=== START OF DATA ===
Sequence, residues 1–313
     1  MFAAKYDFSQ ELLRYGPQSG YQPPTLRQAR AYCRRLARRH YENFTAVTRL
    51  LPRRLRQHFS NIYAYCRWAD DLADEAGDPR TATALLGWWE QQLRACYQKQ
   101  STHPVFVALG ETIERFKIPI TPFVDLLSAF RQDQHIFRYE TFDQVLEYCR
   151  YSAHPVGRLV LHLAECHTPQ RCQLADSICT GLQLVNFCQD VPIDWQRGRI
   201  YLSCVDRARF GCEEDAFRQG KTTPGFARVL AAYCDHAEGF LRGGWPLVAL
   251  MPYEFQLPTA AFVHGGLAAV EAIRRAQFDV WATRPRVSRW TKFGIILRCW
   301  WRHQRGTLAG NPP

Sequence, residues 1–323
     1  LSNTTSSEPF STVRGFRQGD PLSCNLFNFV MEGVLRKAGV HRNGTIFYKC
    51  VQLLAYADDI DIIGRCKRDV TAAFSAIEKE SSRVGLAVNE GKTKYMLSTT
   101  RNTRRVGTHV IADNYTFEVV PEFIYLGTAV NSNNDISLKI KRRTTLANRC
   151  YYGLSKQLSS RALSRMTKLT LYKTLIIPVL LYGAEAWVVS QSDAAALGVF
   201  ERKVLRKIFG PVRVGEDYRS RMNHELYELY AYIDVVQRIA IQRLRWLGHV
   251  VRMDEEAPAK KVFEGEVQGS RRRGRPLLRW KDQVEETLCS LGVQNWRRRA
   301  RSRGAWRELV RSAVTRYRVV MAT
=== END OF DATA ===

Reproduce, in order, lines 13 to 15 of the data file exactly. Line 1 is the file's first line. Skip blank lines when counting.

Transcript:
   151  YYGLSKQLSS RALSRMTKLT LYKTLIIPVL LYGAEAWVVS QSDAAALGVF
   201  ERKVLRKIFG PVRVGEDYRS RMNHELYELY AYIDVVQRIA IQRLRWLGHV
   251  VRMDEEAPAK KVFEGEVQGS RRRGRPLLRW KDQVEETLCS LGVQNWRRRA